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Speed Up Shadowsocks

This article also has a Chinese version.

This article briefly summarizes current methods for accelerating internet access and details an acceleration project I developed based on Shadowsocks: go-shadowsocks-magic.

UPDATE 2019-10: Building on the ideas from this project, I extended it to support arbitrary TCP connections by decoupling the multi-connection acceleration: Rabbit TCP, which shows some improvements in stability and latency.


The working methods of most “ladders” (a colloquial term for VPN-like services in China) are similar.

Typically, traffic has to go through an overseas server for relay before reaching the intended destination server. Such proxy services include Shadowsocks, OpenVPN, ShadowVPN, and GoAgent. Another type involves a more complex topology that supports traffic transmission through a network of multiple nodes, with a specific node acting as a proxy, like V2Ray, Tinc, and Tor.

Based on the types of traffic that can be proxied, VPNs can relay all IP packets, covering common protocols like TCP, UDP, and ICMP, working in a global routing mode. SOCKET proxies, which are commonly represented by Shadowsocks and V2Ray, cannot proxy ICMP packets and usually provide services in the form of a SOCKS5 proxy, making them less convenient for proxying UDP traffic (requiring tools like SSTap to forcibly forward).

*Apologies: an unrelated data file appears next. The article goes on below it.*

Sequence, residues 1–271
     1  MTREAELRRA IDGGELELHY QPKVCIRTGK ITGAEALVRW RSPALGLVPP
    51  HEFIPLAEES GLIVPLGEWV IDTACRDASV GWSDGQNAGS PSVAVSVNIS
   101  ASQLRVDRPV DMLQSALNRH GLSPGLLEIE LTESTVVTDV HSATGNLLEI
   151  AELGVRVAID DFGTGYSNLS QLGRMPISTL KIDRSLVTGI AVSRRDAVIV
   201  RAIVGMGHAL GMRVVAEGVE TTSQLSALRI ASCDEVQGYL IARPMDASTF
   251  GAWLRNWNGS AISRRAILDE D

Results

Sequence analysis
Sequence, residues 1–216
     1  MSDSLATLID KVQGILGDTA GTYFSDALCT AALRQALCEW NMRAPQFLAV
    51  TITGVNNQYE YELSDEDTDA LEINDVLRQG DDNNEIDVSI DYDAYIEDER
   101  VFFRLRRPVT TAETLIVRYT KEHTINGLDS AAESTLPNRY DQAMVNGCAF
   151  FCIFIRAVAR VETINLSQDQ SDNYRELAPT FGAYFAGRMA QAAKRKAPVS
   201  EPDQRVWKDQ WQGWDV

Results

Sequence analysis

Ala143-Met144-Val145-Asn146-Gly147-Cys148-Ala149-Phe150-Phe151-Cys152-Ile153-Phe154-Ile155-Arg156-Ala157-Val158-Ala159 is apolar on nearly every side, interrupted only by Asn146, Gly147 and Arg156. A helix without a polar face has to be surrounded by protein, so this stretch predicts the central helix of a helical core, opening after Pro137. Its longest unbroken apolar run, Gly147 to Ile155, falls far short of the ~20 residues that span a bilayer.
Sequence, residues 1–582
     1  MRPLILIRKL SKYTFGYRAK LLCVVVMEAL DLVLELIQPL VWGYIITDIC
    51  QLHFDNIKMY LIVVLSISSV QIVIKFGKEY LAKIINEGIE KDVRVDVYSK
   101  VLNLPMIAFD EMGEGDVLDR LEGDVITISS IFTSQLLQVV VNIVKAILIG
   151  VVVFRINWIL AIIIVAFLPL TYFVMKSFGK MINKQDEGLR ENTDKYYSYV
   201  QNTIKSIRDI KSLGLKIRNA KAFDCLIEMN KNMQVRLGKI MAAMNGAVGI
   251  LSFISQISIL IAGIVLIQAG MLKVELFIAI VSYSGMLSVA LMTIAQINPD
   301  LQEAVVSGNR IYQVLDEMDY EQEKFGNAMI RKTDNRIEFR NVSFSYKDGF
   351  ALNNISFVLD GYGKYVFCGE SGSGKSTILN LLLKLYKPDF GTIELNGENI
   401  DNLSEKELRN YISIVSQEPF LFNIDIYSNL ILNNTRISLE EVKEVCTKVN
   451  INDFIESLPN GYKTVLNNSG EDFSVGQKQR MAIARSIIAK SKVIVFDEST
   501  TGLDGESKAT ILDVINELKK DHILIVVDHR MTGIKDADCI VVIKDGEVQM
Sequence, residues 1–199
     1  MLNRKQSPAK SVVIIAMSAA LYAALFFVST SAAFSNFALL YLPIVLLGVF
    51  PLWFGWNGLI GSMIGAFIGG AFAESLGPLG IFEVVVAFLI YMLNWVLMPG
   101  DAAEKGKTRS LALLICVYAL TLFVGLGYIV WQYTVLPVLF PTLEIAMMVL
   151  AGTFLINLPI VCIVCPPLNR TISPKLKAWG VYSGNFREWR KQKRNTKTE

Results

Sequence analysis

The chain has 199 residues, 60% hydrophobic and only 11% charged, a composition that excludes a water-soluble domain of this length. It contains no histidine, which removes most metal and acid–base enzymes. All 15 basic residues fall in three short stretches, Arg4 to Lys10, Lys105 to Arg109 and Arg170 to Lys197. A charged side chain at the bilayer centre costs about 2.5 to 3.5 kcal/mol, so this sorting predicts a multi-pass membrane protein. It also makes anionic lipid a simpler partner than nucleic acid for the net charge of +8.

Currently, there are several methods for accelerating “ladders.”

Implement Congestion Control and Reliability by Yourself

Typical representatives: KCPTun, UDPSpeeder, FinalSpeed

These accelerations generally use UDP for communication and require deployment on both client and server ends. By dynamically detecting available bandwidth and aggressively sending multiple packets to reduce packet loss rates, they aim to speed up the connection. However, due to their inefficient bandwidth occupation, they’re often considered selfish in terms of acceleration algorithms. In my test over a year ago, KCPTun used 8 times the traffic to double the speed (which was still quite slow).

TCP Congestion Control on One Side Only

Typical representatives: BBR, SharpSpeed

This acceleration requires modifying the kernel and is not suitable for OVZ virtual machines (though there are strange ways to move it to the user space). These algorithms aim to fully utilize bandwidth on links with certain packet loss rates.

Pre-BBR congestion controls (CUBIC, Reno, etc.) used additive increase and multiplicative decrease to probe for a larger send window, reducing it upon detecting packet loss (including congestion loss and error loss). Since public network latency is often high (with similarly large bandwidth), we get a large send window, leading to high packet loss and subsequent window shrinking. On high-latency, high-loss lines, these algorithms will converge to a relatively small send window.